Senators Statements - Labor's 'cash for jabs'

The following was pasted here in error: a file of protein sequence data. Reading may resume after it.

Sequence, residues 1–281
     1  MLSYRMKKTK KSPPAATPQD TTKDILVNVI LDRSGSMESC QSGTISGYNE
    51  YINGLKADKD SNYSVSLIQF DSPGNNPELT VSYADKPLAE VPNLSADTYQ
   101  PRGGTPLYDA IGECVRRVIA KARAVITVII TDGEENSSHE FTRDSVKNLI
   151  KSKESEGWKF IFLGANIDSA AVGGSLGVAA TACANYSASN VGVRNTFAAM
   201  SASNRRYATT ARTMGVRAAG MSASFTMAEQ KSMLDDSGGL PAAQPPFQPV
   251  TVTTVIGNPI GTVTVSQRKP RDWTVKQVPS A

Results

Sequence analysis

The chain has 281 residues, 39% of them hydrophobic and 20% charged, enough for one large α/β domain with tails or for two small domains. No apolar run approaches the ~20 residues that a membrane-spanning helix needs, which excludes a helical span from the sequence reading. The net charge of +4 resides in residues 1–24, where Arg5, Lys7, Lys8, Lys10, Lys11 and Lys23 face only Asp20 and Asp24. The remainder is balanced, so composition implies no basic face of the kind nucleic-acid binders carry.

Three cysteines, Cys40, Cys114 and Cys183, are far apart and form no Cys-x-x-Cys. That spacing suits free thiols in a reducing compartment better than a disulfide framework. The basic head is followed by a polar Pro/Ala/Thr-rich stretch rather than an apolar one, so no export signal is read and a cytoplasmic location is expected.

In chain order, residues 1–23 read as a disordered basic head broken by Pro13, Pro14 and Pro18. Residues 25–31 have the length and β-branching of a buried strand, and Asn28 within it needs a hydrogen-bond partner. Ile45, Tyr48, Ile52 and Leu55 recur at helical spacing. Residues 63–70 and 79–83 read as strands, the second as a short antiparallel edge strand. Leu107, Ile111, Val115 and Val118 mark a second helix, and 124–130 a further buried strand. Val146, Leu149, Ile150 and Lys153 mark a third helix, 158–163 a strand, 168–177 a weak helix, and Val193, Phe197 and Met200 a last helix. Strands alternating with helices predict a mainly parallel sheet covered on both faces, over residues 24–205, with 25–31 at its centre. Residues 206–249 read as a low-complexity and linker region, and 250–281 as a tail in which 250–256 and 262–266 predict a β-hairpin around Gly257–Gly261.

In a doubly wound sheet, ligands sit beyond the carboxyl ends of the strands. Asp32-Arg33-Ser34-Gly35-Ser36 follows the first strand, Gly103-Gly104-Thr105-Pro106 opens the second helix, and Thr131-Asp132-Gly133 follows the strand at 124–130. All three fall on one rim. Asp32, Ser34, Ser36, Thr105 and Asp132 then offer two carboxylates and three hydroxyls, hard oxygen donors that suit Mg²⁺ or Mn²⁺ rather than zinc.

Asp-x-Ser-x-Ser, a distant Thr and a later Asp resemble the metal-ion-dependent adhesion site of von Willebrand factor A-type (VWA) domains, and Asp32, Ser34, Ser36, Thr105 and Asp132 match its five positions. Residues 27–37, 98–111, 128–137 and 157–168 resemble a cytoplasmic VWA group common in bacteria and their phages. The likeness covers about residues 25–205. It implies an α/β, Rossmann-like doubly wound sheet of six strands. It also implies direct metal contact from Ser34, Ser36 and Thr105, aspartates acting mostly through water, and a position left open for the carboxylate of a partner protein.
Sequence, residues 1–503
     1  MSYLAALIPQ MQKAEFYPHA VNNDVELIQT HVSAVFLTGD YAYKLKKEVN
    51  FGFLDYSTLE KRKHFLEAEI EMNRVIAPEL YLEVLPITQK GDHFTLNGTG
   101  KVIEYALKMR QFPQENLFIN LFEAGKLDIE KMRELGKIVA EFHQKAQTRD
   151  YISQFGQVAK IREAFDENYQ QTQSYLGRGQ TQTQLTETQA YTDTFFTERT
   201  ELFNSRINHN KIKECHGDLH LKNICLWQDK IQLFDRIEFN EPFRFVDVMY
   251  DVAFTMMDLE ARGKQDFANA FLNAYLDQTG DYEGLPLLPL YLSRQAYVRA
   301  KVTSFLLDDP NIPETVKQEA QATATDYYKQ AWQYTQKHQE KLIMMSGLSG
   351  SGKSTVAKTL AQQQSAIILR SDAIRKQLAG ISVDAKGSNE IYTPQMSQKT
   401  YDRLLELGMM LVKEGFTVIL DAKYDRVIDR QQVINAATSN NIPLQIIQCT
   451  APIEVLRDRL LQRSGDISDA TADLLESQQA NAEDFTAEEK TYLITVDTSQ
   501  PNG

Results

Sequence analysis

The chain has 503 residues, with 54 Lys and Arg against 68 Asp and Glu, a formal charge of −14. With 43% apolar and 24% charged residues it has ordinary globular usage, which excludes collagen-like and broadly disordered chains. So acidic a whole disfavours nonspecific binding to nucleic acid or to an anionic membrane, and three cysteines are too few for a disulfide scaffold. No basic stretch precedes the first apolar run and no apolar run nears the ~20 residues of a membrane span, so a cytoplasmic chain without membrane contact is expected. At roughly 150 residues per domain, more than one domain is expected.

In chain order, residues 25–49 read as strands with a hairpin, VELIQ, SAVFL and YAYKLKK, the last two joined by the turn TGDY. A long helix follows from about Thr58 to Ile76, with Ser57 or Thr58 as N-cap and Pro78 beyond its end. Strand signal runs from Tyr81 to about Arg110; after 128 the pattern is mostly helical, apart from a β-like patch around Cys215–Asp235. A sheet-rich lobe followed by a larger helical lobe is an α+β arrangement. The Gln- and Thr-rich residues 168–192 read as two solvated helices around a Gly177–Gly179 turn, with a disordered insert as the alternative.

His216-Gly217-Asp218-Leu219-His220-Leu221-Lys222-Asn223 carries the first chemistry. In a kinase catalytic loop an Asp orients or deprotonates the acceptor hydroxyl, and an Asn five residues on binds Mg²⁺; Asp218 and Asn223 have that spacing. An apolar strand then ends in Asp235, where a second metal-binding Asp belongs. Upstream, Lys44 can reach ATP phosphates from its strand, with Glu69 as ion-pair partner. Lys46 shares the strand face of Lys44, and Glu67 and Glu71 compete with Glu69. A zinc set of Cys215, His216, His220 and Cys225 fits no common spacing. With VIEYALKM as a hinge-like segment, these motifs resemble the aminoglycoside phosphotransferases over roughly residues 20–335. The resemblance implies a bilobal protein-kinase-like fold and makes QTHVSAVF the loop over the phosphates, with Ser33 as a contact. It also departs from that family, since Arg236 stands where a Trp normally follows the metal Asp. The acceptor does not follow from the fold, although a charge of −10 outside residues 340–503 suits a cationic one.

Senator STOKER (Queensland—Assistant Minister to the Attorney-General, Assistant Minister for Women and Assistant Minister for Industrial Relations) (13:46): [by video link] From the team who brought you the pink batts scandal and $900 cheques to people who'd passed away, now we have Labor's 'cash for jabs'. We shouldn't be surprised to learn, though, that Labor's proposal will divert money from where it's most needed and do very little to increase Australia's vaccination rate. Labor say it's their policy to use $300 payments as an incentive for people to get vaccinated—it's a copy and paste, though, of the policy announced by US President Biden just a few days earlier—which would come at a cost to Australians of up to $6 billion. It's another mindless imitation by Albanese's Labor, who so often play copycat to former UK leader Corbyn and Mr Biden. And this comes at a time when state driven lockdowns continue to buffer the budget. And, cost apart, the international evidence suggests it would do little to actually encourage people to get vaccinated. The Australian government's behavioural economics team has found that financial incentives are 'unlikely' to drive vaccine uptake in Australia. Indeed, for anyone who might find the payment a driver of behaviour, it would likely—counterproductively—encourage them to delay vaccination until after the next election, hoping that Labor might win. By far the best incentive to get vaccinated is to protect your health. On the best evidence we have, getting vaccinated will lower your chances of getting COVID, it will lower the severity of the illness if you do and it will protect your family members, friends, colleagues and community. But close behind is the end of the justification for the cycle of lockdowns that Australians have endured so patiently, and regaining the freedoms we once took for granted and the can-do, optimistic culture that comes with it.